I’m only sharing a small bit because this is for paid subscribers but here is Natasha Stagg, writing for her Substack:
Not only is the millennial experience uniquely tonally hopeless (distinguished by a proliferation of suicidal teenaged killers, economic crises, melting ice caps, endless spin-offs, the word terrorism, the paradox of participation, the end of privacy, etc.), then, but the fictionalizations of it must meet so many relentless standards cooked up by its own particular turmoil: Characters feel impotent and judged, fenced in by a forced awareness of everything they should and could have done by now. At the same time, the millennial writers of these characters feel the same way, which leads us to an awkward show of last-minute meaning-seeking. This movie (sic) isn’t about nothing, exactly, each attests, half-heartedly. This was all in service of something larger, maybe—like deciding that characters with any type of privilege over others are always inherently a little wrong—right?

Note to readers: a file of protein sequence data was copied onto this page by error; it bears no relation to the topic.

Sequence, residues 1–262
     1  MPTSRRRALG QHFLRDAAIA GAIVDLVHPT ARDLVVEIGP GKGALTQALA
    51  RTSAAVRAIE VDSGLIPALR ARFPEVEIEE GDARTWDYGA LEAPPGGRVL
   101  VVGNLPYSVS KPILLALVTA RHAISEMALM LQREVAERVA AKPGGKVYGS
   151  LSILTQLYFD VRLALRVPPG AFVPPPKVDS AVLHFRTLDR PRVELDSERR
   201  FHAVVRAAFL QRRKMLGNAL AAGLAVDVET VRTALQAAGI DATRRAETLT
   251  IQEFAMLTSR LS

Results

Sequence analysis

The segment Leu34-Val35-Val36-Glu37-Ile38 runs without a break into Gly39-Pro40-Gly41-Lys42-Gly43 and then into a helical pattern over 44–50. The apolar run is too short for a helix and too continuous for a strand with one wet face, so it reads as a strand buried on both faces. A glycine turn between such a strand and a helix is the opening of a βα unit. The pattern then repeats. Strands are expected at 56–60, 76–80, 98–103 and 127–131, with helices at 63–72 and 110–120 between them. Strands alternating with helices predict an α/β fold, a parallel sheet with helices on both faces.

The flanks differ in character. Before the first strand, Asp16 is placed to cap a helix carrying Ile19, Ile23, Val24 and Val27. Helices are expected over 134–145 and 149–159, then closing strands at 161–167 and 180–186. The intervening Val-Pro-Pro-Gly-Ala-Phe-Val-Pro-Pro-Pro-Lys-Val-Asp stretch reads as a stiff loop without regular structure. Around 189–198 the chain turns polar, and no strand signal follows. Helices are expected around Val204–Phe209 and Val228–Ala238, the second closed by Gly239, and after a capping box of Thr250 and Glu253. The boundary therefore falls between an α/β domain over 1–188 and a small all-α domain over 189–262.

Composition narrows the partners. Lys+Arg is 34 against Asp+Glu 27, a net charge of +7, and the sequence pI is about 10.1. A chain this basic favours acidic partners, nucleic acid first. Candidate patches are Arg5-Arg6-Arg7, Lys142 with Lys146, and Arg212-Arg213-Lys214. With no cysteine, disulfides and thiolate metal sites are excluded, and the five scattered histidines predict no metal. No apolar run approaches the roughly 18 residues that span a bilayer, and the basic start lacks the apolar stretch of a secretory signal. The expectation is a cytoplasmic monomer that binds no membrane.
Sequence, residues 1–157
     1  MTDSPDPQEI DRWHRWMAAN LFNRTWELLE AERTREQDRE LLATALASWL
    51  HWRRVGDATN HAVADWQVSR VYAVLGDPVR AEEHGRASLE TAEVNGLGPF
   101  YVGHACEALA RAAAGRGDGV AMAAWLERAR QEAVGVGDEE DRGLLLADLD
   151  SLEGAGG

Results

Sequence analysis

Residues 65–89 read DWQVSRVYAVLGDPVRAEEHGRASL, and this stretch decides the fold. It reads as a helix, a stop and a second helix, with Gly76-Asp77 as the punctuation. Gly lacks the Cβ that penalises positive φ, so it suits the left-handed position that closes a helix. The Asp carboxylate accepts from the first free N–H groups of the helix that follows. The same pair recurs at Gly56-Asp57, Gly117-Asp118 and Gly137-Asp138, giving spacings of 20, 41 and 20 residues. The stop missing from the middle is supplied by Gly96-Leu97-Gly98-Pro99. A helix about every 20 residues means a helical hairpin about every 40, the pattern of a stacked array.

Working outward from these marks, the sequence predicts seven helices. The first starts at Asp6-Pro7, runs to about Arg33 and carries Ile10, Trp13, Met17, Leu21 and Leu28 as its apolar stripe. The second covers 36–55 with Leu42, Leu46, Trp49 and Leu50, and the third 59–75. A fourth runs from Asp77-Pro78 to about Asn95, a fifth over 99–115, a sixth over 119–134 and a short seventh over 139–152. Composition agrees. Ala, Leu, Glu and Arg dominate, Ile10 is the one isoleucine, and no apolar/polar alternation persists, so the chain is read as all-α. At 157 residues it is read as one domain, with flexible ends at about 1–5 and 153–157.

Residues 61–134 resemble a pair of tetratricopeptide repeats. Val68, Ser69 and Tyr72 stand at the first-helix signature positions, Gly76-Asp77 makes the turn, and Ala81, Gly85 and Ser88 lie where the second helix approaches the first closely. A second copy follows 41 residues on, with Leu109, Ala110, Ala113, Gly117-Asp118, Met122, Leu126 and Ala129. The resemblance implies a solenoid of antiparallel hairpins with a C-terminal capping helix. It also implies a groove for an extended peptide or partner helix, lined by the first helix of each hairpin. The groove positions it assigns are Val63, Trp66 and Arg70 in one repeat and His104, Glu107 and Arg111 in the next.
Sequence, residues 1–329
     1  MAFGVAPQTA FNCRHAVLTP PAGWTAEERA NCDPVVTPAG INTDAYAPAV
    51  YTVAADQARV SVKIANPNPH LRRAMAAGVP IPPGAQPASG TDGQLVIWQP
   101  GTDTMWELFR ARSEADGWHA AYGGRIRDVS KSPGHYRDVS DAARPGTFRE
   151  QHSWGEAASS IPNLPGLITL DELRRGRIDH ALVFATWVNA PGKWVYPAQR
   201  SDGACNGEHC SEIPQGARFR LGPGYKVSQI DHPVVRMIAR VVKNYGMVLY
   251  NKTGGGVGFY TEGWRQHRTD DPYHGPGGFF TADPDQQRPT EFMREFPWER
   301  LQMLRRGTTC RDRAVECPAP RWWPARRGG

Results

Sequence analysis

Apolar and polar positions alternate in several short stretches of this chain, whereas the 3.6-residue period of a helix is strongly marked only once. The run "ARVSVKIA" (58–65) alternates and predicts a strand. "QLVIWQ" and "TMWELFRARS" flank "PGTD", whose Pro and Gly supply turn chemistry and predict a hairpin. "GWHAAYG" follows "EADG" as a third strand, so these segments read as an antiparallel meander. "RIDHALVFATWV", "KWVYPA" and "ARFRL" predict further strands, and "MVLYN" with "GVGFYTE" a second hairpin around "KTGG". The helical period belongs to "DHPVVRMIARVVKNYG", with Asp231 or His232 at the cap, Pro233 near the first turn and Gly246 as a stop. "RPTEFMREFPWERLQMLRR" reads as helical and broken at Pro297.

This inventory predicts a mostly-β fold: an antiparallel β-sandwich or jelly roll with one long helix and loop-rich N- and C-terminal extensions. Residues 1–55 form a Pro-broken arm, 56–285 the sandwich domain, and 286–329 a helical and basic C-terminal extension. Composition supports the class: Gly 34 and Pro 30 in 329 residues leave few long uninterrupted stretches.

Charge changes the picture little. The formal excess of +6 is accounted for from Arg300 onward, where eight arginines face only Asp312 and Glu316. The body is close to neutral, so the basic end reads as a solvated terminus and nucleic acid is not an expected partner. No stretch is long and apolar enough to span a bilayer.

The films found me “at the right place and right time” were being made by the twentysomething gen X contingent. Primer was maybe the most influential but you know I was obsessed with Donnie Darko, Eternal Sunshine on the Spotless Mind, others…
I wonder what inspiration gen Z are pulling from millenial films?
And what messages they’re taking away?